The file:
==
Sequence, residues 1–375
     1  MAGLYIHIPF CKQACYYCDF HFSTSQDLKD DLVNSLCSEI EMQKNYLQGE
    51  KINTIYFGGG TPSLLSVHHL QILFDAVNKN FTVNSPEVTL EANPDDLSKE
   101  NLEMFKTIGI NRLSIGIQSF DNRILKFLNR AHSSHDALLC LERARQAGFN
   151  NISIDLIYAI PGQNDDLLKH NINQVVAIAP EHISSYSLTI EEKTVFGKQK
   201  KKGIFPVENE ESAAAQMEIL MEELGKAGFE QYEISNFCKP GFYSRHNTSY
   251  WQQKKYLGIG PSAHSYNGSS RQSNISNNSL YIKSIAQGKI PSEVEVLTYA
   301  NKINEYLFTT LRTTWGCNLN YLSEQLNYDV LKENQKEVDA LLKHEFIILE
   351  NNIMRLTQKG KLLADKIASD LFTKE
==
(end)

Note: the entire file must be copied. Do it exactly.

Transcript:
Sequence, residues 1–375
     1  MAGLYIHIPF CKQACYYCDF HFSTSQDLKD DLVNSLCSEI EMQKNYLQGE
    51  KINTIYFGGG TPSLLSVHHL QILFDAVNKN FTVNSPEVTL EANPDDLSKE
   101  NLEMFKTIGI NRLSIGIQSF DNRILKFLNR AHSSHDALLC LERARQAGFN
   151  NISIDLIYAI PGQNDDLLKH NINQVVAIAP EHISSYSLTI EEKTVFGKQK
   201  KKGIFPVENE ESAAAQMEIL MEELGKAGFE QYEISNFCKP GFYSRHNTSY
   251  WQQKKYLGIG PSAHSYNGSS RQSNISNNSL YIKSIAQGKI PSEVEVLTYA
   301  NKINEYLFTT LRTTWGCNLN YLSEQLNYDV LKENQKEVDA LLKHEFIILE
   351  NNIMRLTQKG KLLADKIASD LFTKE